KANO, Nigeria — A spokesman for Nigerian President Muhammadu Buhari’s campaign asserted Tuesday they have unofficial numbers showing he has won a second term in Africa’s largest democracy.
Babatunde Fashola, campaign director for election monitoring and Cabinet minister for power and works, told The Associated Press in an interview that they were preparing “for the president to give his acceptance speech” and celebrate Tuesday night. Dozens of supporters began dancing outside party headquarters.
Top opposition challenger Atiku Abubakar should accept his loss gracefully and concede, Fashola said: “Let this nation move forward.” Abubakar also should provide evidence to back up claims that the ruling party manipulated results of Saturday’s vote, which Buhari’s party rejects, Fashola said.
As the official state-by-state announcements of election results passed the halfway mark on Tuesday evening, Buhari led by more than 1.5 million votes. He had won 13 of Nigeria’s 36 states including its most populous one, Lagos.
“I congratulate you very much that you have succeeded,” the president said while visiting campaign workers on Monday night. His first term was hurt by a rare recession and widespread insecurity.
Also Tuesday, the death toll in election-related violence rose to 53 as an extremist attack was found to be worse than first reported.
Abubakar, a billionaire former vice president, won 11 states, most in the largely Christian south, and the capital’s territory. His party was largely quiet on Tuesday, and Abubakar has not made a public appearance since voting.
The announcement process could continue into Wednesday in a race once described as too close to call.
Election observers say the vote, a step back from the widely praised one in 2015, suffered from a surprise weeklong postponement and significant delays in the opening of polling stations. While they called the process generally peaceful, at least 53 people were killed, analysis unit SBM Intelligence said.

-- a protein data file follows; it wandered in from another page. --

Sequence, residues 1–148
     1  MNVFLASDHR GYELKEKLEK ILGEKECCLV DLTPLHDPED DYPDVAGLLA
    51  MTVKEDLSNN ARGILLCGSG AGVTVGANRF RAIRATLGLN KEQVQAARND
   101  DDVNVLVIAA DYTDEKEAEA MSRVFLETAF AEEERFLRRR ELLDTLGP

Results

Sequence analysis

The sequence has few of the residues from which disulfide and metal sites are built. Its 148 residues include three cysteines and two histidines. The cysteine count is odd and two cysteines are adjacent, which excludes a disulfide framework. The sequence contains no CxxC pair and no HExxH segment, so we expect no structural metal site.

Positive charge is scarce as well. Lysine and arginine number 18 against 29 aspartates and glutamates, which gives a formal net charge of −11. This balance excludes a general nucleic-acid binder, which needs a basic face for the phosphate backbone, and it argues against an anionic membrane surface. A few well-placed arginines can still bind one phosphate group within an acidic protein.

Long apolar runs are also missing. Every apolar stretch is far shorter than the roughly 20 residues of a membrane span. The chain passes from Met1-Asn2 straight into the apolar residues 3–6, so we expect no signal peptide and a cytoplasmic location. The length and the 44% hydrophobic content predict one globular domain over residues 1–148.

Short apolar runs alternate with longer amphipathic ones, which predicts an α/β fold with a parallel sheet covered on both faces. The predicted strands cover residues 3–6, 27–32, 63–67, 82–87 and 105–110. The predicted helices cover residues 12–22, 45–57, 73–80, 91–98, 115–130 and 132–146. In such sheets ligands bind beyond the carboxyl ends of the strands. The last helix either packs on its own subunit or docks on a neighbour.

The toll rose because an attack claimed by the Islamic State West Africa Province extremist group in the northeast was deadlier than first thought, with at least 17 people killed, head of research Cheta Nwanze told the AP.
Nigerians now wonder whether Buhari and Abubakar will follow through on pledges to accept a loss, or challenge the results. A former United States ambassador to Nigeria, John Campbell, says the troubled election has given them grounds to go to the courts. That route could take months.
In Kano, Nigeria’s second-largest state and the heart of the country’s Muslim north, the local results were declared at 4 a.m., with Buhari winning.
“Well, we thank God that at least we finished this safely, without any hitches,” the state electoral commissioner, Riskuwa Shehu, told the AP.
Turnout appeared to be lower, Shehu said. He pointed to a number of factors, including the fear of possible violence after heated campaigning. The “disappointment” of a weeklong postponement likely played a role, he said.
Nigerians’ reactions to the election results were mixed.
“Alhamdulillah,” said 36-year-old Umar Ibrahim, who bantered with clients about politics at his tiny shop in Kano. “Up to now they say Buhari is leading, far. He is a good elder.”
Grace Eje, a 25-year-old domestic worker, held out hope for Abubakar, saying Nigeria needed someone new after Buhari. “No money, no work, no help from him,” she said of the president, grimacing.
Nigeria’s some 190 million people say they pray for peace. They were surprised in 2015 when President Goodluck Jonathan conceded before official results were announced giving victory to Buhari, a former military dictator who pulled off the first defeat of an incumbent by the opposition in the country’s history.
Many worry that such a concession appears unlikely this time.
“Jonathan set the benchmark on how electoral outcomes should be handled,” Chris Kwaja, a senior adviser to the United States Institute of Peace, told the AP. “Accept defeat in the spirit of sportsmanship. This is a critical vehicle for democratic consolidation. So far, it is unclear what the candidates will do.”
For the presidency, a candidate must win a majority of overall votes as well as at least 25 percent of the vote in two-thirds of Nigeria’s 36 states. If that isn’t achieved, the election moves to a runoff.
The YIAGA Africa project, which deployed more than 3,900 observers, projected that no runoff election will be needed and that a “clear winner” would emerge.
It was not yet clear how many of Nigeria’s estimated 73 million eligible voters turned out. YIAGA estimated turnout at between 36 percent and 40 percent, down from 44 percent in 2015. That would continue the trend of recent elections.
Kazziha reported from Abuja, Nigeria.
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